We fit a kernel density estimator to the cells in the flowFrame and identify the two largest peaks. We then select as the cutpoint the value at which the minimum density is attained between the two peaks of interest.

gate_mindensity(
fr,
channel,
filterId = "",
positive = TRUE,
pivot = FALSE,
gate_range = NULL,
min = NULL,
max = NULL,
peaks = NULL,
...
)

## Arguments

fr a flowFrame object TODO TODO If TRUE, then the gate consists of the entire real line to the right of the cutpoint. Otherwise, the gate is the entire real line to the left of the cutpoint. (Default: TRUE) logical value. If TRUE, we choose as the two peaks the largest peak and its neighboring peak. See details. numeric vector of length 2. If given, this sets the bounds on the gate applied. If no gate is found within this range, we set the gate to the minimum value within this range if positive is TRUE and the maximum value of the range otherwise. a numeric value that sets the lower boundary for data filtering a numeric value that sets the upper boundary for data filtering numeric vector. If not given , then perform peak detection first by .find_peaks Additional arguments for peak detection.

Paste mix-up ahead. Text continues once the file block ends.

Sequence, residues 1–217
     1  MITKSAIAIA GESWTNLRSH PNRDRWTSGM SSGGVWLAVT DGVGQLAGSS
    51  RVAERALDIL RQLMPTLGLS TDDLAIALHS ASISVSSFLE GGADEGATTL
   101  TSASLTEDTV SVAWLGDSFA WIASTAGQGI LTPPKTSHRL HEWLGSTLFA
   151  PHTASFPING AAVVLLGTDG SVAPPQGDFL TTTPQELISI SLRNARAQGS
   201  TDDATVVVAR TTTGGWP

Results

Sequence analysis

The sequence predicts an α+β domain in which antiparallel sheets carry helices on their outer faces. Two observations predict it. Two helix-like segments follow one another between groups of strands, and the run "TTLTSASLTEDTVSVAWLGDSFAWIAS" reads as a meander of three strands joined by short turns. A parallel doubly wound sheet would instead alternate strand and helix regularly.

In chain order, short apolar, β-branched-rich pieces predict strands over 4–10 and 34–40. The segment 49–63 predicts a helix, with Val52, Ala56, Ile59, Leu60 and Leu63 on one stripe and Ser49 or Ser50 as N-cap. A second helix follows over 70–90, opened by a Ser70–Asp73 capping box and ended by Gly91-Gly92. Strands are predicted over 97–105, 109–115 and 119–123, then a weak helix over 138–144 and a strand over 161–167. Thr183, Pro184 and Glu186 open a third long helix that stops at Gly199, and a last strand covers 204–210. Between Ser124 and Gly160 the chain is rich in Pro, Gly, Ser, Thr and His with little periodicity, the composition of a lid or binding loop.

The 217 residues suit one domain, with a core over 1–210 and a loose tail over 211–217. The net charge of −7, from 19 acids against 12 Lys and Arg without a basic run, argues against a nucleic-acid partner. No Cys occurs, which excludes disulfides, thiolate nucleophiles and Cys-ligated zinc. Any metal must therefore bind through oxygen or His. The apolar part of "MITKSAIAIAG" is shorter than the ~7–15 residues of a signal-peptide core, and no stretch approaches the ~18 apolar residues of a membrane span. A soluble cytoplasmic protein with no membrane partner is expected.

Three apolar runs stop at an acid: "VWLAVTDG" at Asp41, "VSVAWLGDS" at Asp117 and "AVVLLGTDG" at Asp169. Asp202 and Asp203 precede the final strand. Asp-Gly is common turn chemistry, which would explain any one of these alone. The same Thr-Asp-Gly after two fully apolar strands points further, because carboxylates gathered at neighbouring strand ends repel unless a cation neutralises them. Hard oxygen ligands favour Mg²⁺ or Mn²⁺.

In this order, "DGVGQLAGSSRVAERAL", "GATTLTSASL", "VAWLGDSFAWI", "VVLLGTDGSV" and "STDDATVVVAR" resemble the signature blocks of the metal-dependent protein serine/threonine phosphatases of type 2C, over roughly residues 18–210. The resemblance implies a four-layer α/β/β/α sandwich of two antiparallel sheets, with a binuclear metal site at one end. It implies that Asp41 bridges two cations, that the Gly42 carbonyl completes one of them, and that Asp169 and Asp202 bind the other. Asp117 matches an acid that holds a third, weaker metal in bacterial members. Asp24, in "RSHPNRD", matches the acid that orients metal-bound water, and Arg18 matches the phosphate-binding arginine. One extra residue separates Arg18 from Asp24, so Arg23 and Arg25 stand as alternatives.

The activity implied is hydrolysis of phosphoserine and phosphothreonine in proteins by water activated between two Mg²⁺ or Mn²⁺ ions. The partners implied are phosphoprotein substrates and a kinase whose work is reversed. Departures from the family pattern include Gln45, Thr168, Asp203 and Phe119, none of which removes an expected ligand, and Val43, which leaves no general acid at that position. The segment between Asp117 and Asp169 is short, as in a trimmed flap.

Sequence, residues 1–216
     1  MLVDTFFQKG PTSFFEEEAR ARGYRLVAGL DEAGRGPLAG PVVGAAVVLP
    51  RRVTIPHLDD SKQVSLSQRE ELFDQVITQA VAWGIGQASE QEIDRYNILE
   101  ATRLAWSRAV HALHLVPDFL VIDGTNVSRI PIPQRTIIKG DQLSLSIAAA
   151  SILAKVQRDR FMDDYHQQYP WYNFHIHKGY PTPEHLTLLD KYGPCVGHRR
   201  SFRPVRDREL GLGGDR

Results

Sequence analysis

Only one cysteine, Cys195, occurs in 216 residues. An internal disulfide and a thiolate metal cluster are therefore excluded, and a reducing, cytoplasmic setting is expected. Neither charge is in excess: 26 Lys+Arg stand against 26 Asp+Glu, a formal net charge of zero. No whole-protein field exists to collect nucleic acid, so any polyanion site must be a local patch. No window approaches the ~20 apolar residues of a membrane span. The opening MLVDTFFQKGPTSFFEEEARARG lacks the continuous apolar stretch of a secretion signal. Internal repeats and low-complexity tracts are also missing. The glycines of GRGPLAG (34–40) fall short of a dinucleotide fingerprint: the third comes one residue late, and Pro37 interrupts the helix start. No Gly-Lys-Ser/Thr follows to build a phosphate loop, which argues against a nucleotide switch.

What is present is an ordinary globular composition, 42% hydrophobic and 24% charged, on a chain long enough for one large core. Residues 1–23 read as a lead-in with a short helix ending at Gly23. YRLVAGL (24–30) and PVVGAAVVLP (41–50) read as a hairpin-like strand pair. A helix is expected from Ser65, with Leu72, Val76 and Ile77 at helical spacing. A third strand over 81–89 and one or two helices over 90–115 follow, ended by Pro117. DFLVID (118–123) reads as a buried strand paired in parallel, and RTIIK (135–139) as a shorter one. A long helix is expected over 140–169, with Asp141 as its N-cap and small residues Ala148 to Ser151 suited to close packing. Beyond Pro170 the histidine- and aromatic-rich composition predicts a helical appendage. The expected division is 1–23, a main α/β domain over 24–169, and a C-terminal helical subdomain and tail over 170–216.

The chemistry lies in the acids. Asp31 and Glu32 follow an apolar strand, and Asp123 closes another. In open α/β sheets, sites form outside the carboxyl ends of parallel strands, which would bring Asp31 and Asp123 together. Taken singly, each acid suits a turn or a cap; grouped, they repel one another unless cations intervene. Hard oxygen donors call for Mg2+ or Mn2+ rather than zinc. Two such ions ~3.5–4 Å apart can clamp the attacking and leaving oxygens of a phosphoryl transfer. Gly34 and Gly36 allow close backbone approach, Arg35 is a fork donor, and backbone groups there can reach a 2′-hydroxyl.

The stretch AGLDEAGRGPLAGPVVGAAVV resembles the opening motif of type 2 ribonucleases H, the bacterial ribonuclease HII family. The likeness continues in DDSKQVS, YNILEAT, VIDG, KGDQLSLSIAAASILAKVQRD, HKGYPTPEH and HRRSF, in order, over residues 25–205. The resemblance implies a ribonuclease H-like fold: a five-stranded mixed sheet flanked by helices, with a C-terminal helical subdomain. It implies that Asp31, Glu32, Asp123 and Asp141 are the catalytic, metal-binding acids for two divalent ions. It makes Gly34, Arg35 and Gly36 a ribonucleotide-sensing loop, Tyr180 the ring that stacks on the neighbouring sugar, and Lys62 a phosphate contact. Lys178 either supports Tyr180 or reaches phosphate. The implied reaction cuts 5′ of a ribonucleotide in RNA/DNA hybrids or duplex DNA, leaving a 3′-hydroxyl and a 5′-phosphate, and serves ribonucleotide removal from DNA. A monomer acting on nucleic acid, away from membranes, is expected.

## Value

a rectangleGate object based on the minimum density cutpoint

## Details

In the default case, the two peaks of interest are the two largest peaks obtained from the link{density} function. However, if pivot is TRUE, we choose the largest peak and its neighboring peak as the two peaks of interest. In this case, the neighboring peak is the peak immediately to the left of the largest peak if positive is TRUE. Otherwise, the neighboring peak is selected as the peak to the right.

In the special case that there is only one peak, we are conservative and set the cutpoint as the min(x) if positive is TRUE, and the max(x) otherwise.

## Examples

if (FALSE) {
gate <- gate_mindensity(fr, channel = "APC-A") # fr is a flowFrame
}